IDEAS home Printed from https://ideas.repec.org/p/tul/ceqwps/75.html
   My bibliography  Save this paper

The “Missing Rich” in Household Surveys: Causes and Correction Approaches

Author

Listed:
  • Nora Lustig

    (Stone Center for Latin American Studies, Department of Economics, Tulane University, CEQ Institute)

Abstract

This paper presents a survey of causes and correction approaches to address the “missing rich” problem in household surveys. “Missing rich” here is a catch-all term for the issues that affect the upper tail of the distribution of income: undercoverage, sparseness, unit and item nonresponse, underreporting and top coding. Upper tail issues can result in serious biases and imprecision of survey-based inequality measures. A number of correction approaches have been proposed. A main distinction is between those that rely on within-survey methods and those that combine survey data with information from external sources such as tax records, National Accounts, rich lists or other external information. Within each category, the methods can correct by replacing top incomes or increasing their weight (reweighting). Correction methods can be nonparametric and parametric. This survey aims to help researchers choose appropriate correction strategies and design robustness tests.

Suggested Citation

  • Nora Lustig, 2019. "The “Missing Rich” in Household Surveys: Causes and Correction Approaches," Commitment to Equity (CEQ) Working Paper Series 75, Tulane University, Department of Economics.
  • Handle: RePEc:tul:ceqwps:75
    as

    Download full text from publisher

    File URL: http://repec.tulane.edu/RePEc/ceq/ceq75.pdf
    File Function: First version, 2019
    Download Restriction: no

    References listed on IDEAS

    as
    1. Atkinson, A. B. & Piketty, Thomas (ed.), 2010. "Top Incomes: A Global Perspective," OUP Catalogue, Oxford University Press, number 9780199286898.
    2. Oscar Altimir, 1987. "Income Distribution Statistics In Latin America And Their Reliability," Review of Income and Wealth, International Association for Research in Income and Wealth, vol. 33(2), pages 111-155, June.
    3. Thomas Blanchet & Juliette Fournier & Thomas Piketty, 2017. "Generalized Pareto Curves : Theory and Applications," Working Papers 201703, World Inequality Lab.
    4. Thomas F. Crossley & Cormac O'Dea & Facundo Alvaredo & Anthony B. Atkinson & Salvatore Morelli, 2016. "The Challenge of Measuring UK Wealth Inequality in the 2000s," Fiscal Studies, Institute for Fiscal Studies, vol. 37, pages 13-33, March.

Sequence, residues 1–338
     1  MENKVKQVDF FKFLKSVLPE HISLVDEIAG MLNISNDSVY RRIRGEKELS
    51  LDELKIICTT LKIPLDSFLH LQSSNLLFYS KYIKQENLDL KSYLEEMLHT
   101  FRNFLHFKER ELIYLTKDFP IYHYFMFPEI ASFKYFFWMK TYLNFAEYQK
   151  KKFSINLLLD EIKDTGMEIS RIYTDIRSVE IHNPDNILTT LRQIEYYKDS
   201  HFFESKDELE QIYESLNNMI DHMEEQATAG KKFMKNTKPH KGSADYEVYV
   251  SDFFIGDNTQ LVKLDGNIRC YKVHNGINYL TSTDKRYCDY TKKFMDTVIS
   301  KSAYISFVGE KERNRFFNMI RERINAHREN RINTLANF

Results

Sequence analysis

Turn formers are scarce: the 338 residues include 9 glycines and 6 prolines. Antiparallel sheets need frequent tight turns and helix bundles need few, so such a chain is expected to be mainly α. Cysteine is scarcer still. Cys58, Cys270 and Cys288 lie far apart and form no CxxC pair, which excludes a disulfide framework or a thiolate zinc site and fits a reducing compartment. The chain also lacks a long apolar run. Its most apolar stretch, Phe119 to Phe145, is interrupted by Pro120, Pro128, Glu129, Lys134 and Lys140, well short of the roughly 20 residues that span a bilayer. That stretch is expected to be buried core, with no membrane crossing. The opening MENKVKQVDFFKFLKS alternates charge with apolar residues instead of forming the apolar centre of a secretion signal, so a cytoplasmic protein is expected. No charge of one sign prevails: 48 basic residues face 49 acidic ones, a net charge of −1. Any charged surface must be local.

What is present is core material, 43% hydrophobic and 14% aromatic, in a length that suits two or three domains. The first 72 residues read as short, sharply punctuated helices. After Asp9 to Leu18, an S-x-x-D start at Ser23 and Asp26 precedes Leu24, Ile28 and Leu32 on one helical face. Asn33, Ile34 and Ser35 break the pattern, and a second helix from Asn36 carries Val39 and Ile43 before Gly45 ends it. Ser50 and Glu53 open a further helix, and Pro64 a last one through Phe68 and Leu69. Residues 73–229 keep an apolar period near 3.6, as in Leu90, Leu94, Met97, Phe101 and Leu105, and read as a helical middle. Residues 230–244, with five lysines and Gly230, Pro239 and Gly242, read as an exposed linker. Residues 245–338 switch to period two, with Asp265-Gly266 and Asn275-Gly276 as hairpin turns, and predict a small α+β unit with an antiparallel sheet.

5. Angus Deaton, 2005. "Measuring Poverty in a Growing World (or Measuring Growth in a Poor World)," The Review of Economics and Statistics, MIT Press, vol. 87(1), pages 1-19, February.
    6. Anthony B. Atkinson & Thomas Piketty & Emmanuel Saez, 2011. "Top Incomes in the Long Run of History," Journal of Economic Literature, American Economic Association, vol. 49(1), pages 3-71, March.
    7. Dagum, Camilo, 1997. "A New Approach to the Decomposition of the Gini Income Inequality Ratio," Empirical Economics, Springer, vol. 22(4), pages 515-531.
    8. David H. Autor & Lawrence F. Katz & Melissa S. Kearney, 2008. "Trends in U.S. Wage Inequality: Revising the Revisionists," The Review of Economics and Statistics, MIT Press, vol. 90(2), pages 300-323, May.
    9. Christoph Lakner & Branko Milanovic, 2016. "Global Income Distribution: From the Fall of the Berlin Wall to the Great Recession," World Bank Economic Review, World Bank Group, vol. 30(2), pages 203-232.
    10. Thomas Piketty & Li Yang & Gabriel Zucman, 2019. "Capital Accumulation, Private Property, and Rising Inequality in China, 1978–2015," American Economic Review, American Economic Association, vol. 109(7), pages 2469-2496, July.
    11. Thomas Piketty & Emmanuel Saez & Gabriel Zucman, 2018. "Distributional National Accounts: Methods and Estimates for the United States," The Quarterly Journal of Economics, Oxford University Press, vol. 133(2), pages 553-609.
    12. Emmanuel Saez & Gabriel Zucman, 2016. "Editor's Choice Wealth Inequality in the United States since 1913: Evidence from Capitalized Income Tax Data," The Quarterly Journal of Economics, Oxford University Press, vol. 131(2), pages 519-578.